'When Will She Be Back?'

The Second Mother (Que Horas Ela Volta?)
(Brazil, 112 min.)
Written and directed by Anna Muylaert
Starring: Regina Casé, Camila Márdila, Karine Teles, Michel Joelsas, Lourenço Mutarelli

“When will she be back?”

The question arises in The Second Mother, whose original Brazilian title is actually the aforementioned question, after Val (Regina Casé) tells Fabinho (Michel Joelsas) that his mother has gone out. Val isn’t Fabinho’s biological mother, for she is his maid and nanny, but she acts as his true maternal figure and comforts him in his endless abandonment. Fabinho’s mother, Bárbara (Karine Teles), is a successful power driver and entrepreneur—she represents contemporary feminism as she builds a hefty empire and works very hard to produce results. The difference between Fabinho’s real mother and his second mother, however, is that Bárbara has the luxury to leave for work and see her son when she comes home. Val, a member of the lower class, hasn’t seen her own daughter in a decade. “When will she be back?” is thus a loaded question that baits the drama to come.

The mother/daughter reunion happens quickly in The Second Mother when Val receives news that her daughter, Jéssica (Camila Márdila) is coming to São Paulo for school. Val, excited to see the daughter she’s been missing and supporting from afar, nervously asks Dona Bárbara if Jéssica may stay in the servants’ quarters. Dona Bárbara agrees—she happily agrees, actually—and even offers to get a fine mattress for Jéssica to use as a bed. The servant/master relationship lives harmoniously in Dona Bárbara’s house (with the Dona/’Mrs.’ Title appropriately noting rank, class, and distinction) and reflects a larger cultural class structure in Brazil in which the fairer citizens take a stand of privilege over their more darkly skinned countrymen.

When Jéssica comes to stay with her mother, she’s flabbergasted by numerous circumstances of Val’s life. A dinky servants’ quarters? A cot on the floor? Different ice creams for ‘us’ and ‘them’? No ‘rats’ in the pool? Jéssica, ever the rebellious teen, arrogantly tests the limits of Bárbara’s hospitality by inviting herself to stay in the guest room, and then mirroring the family’s own behaviour in an effort to break down the divide.

What makes a person so insecure in the world that she lets others treat her as below them? The Second Mother asks this question before answering it in turn as Muylaert offers a hopeful message as characters advance by their own will, effort, and ability to see through the wall. However, those who remain cozy in their privilege remain at a standstill and lose what others gain.

Writer/director Anna Muylaert delves into this deep-rooted social system in The Second Mother and interrogates how strongly the ideology lives in both Bárbara and Val. Bárbara’s a bit of a snooty one, while Val is doubly mortified, not only by Jéssica’s arrogance, but by her ignorance of the unspoken hierarchy that divides the home into two radically different worlds at the kitchen wall. The film uses the spatial relations of both the house and the frame to create different social orders and build considerable tension for Val as she navigates the roles of maid and mother while respecting the borders of the house. The way space defines and controls Val is an especially fine stroke of direction.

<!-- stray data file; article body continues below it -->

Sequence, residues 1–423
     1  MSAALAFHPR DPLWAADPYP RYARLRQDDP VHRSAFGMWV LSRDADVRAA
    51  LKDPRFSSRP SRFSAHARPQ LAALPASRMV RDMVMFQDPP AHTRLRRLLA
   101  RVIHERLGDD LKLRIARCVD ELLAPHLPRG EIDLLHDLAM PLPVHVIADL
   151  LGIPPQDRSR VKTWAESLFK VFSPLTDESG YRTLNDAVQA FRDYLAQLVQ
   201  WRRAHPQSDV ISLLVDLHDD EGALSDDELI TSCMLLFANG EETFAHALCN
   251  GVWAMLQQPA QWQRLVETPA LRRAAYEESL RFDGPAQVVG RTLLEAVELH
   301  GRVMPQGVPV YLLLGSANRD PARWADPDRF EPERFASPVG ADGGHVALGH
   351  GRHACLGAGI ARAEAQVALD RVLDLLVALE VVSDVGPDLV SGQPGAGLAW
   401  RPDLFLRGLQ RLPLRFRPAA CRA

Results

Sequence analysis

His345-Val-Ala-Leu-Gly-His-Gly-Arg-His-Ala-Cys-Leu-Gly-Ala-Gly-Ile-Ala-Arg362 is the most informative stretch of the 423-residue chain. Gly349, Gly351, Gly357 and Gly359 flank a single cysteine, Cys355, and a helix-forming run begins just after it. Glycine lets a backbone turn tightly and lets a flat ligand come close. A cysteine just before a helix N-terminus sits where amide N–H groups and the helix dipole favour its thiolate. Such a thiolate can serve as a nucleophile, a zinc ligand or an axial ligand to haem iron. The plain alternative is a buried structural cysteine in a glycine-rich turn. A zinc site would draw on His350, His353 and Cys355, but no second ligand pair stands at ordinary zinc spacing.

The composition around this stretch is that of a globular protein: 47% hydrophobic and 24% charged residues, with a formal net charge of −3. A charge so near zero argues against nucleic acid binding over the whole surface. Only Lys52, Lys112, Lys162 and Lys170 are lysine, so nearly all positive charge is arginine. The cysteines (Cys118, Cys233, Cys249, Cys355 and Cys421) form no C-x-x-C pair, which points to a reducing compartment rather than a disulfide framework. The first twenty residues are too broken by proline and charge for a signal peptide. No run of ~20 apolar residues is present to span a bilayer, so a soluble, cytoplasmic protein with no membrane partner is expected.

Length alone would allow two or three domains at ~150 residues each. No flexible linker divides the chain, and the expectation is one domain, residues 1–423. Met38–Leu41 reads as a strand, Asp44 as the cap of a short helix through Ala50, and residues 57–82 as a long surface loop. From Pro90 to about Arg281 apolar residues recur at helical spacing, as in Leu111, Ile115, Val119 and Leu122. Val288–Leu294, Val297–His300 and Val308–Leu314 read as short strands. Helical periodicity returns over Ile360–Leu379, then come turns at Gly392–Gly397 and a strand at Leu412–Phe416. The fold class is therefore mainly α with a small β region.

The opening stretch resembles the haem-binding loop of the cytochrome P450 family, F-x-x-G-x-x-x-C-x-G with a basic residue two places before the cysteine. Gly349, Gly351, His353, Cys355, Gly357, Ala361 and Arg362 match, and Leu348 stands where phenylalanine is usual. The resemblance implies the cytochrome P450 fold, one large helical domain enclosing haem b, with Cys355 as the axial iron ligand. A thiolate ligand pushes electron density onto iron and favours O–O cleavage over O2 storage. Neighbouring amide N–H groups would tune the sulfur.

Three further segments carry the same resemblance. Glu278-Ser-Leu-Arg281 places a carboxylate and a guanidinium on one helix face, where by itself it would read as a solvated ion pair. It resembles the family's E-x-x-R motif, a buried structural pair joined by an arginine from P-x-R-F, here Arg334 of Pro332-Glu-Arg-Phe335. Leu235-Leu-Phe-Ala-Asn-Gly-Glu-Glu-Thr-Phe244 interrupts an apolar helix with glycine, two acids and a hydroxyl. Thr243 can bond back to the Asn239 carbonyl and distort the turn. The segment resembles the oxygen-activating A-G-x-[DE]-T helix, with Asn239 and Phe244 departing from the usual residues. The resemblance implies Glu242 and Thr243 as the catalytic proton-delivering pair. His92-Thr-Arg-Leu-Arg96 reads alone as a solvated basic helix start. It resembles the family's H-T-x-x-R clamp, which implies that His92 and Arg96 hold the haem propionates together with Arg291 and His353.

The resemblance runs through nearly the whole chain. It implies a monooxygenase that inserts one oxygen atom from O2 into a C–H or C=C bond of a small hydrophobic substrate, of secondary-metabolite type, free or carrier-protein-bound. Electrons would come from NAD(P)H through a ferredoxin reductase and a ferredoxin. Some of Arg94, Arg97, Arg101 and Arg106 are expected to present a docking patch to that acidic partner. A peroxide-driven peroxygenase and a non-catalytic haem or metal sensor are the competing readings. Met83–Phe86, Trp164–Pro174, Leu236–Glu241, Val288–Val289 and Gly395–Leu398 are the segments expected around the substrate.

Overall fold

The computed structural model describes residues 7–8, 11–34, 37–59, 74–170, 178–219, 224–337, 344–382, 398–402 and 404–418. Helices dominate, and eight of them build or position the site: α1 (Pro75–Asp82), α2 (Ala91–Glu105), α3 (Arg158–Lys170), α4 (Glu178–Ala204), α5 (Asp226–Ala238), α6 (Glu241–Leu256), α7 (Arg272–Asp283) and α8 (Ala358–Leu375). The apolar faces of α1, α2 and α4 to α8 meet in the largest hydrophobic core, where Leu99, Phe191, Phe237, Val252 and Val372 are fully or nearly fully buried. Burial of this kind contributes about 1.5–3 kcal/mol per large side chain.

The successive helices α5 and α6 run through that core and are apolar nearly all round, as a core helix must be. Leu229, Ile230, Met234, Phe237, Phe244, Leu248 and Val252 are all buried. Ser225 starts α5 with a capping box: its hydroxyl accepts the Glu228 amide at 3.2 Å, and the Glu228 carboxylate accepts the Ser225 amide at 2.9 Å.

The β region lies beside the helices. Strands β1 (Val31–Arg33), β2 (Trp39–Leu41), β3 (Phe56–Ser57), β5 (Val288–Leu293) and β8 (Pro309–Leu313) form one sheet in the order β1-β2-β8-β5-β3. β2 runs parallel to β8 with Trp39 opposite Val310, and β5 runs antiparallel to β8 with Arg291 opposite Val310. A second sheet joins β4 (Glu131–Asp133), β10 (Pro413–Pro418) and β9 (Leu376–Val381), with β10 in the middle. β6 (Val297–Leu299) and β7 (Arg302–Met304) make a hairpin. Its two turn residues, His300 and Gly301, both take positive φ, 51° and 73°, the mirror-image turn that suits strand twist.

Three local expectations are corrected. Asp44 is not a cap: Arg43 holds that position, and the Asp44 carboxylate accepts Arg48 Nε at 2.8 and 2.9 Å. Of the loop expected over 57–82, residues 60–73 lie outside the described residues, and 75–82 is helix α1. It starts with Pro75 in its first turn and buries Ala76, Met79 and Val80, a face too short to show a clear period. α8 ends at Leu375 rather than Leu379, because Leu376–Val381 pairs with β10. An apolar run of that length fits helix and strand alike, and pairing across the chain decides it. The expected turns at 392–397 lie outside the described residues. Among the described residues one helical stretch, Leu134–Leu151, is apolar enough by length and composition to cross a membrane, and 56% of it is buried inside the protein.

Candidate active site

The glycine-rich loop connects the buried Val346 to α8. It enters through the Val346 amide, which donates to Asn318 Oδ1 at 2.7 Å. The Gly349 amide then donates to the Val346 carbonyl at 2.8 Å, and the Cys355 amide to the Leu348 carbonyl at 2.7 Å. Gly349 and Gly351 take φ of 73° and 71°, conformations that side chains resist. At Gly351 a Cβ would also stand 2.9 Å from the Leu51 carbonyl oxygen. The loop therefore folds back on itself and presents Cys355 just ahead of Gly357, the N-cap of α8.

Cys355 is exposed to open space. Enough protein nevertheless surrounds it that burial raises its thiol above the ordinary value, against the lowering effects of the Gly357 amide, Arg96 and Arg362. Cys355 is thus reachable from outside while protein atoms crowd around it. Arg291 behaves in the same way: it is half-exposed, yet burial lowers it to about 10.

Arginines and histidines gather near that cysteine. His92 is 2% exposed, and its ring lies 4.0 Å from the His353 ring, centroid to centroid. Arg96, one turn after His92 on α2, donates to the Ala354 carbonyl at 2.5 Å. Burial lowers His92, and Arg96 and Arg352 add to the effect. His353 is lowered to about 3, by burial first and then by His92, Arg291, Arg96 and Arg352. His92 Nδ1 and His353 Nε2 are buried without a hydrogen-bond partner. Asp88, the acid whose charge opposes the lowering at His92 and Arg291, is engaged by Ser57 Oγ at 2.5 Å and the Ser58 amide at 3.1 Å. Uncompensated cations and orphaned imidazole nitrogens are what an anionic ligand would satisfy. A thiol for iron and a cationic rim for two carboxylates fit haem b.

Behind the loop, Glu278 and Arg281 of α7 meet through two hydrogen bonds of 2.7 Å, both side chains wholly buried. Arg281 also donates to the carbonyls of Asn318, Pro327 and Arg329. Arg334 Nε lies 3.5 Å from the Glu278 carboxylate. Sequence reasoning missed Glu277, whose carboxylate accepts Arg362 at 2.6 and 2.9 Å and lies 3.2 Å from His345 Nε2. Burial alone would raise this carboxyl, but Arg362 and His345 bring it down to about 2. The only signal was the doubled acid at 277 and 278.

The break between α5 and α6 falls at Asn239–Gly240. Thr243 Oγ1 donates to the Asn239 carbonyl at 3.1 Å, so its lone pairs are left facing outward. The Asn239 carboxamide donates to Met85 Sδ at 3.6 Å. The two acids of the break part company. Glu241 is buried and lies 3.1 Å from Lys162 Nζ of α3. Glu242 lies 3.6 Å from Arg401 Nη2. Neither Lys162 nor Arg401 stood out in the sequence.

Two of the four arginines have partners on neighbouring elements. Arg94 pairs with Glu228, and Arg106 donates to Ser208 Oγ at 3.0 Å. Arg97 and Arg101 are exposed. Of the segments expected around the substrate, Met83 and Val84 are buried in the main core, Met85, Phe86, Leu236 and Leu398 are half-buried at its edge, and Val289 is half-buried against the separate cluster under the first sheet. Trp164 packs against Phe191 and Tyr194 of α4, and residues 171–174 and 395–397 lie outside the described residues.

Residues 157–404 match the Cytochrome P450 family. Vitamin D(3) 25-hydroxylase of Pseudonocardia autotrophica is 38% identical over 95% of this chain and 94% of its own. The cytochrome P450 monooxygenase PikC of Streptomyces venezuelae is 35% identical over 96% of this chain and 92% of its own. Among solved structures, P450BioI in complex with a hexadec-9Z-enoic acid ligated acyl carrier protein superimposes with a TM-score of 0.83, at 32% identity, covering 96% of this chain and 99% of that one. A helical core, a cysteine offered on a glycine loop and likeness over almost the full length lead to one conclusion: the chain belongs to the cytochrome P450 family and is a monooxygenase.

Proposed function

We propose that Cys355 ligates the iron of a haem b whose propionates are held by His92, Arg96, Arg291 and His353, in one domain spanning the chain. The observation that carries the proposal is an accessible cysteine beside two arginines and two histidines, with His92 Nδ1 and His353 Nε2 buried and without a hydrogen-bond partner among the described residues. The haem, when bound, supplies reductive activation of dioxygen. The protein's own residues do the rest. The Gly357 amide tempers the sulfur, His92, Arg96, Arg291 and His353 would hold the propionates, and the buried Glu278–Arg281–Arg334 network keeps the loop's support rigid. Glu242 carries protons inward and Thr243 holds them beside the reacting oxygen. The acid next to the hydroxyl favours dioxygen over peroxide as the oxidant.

Testing the strength of this wall and its foundation bit by bit, The Second Mother pushes Jéssica into scenario after scenario that frames her and her mother as second-class citizens in their own home. The delicately scripted and precisely directed domestic drama interrogates the longstanding system and ultimately breaks it down. The film recalls 2011’s The Help with its dramatization of deeply internalized structures based on class and colour, but The Second Mother rejects any of the colourful sugarcoatings that make The Help such a sweet, if problematic, affair. Muylaert avoids large emotional payoffs and The Second Mother firmly sidesteps sentimentality. The film offers a happy ending, but it invites the audience to linger, rather than leave light on their feet.

The Second Mother, which is Brazil’s official submission to compete in the race for Best Foreign Language Film at the 2015 Academy Awards, lets the strength of its characters carry the rippling allegory that sees one household as a microcosm for the nation. Casé gives an excellent and understated performance as Val, a woman who knows her place and sadly accepts it. The maid’s love and devotion to both her children, Jéssica and Fabinho, makes the class divide especially effective as The Second Mother shows the arbitrariness of drawing distinctions between countrymen, neighbours, and even family members for the sake of tradition. This belief doesn’t hold with the upcoming generation, though, as Márdila and Joelsas are far more liberal in their performances. The kids are loose and relaxed compared to their uptight mothers—Teles is especially good at playing the uppity Bárbara—and the film uses Val’s anxiety to uphold the very standard that reduces her as a compelling point of wonder. This wonderfully acted film is simple, yet complex as one mother nurtures children from two very different worlds. Whether Val can ever go back, however, is another question.

Rating: ★★★★ (out of ★★★★★)

The Second Mother screens in Ottawa at The Mayfair.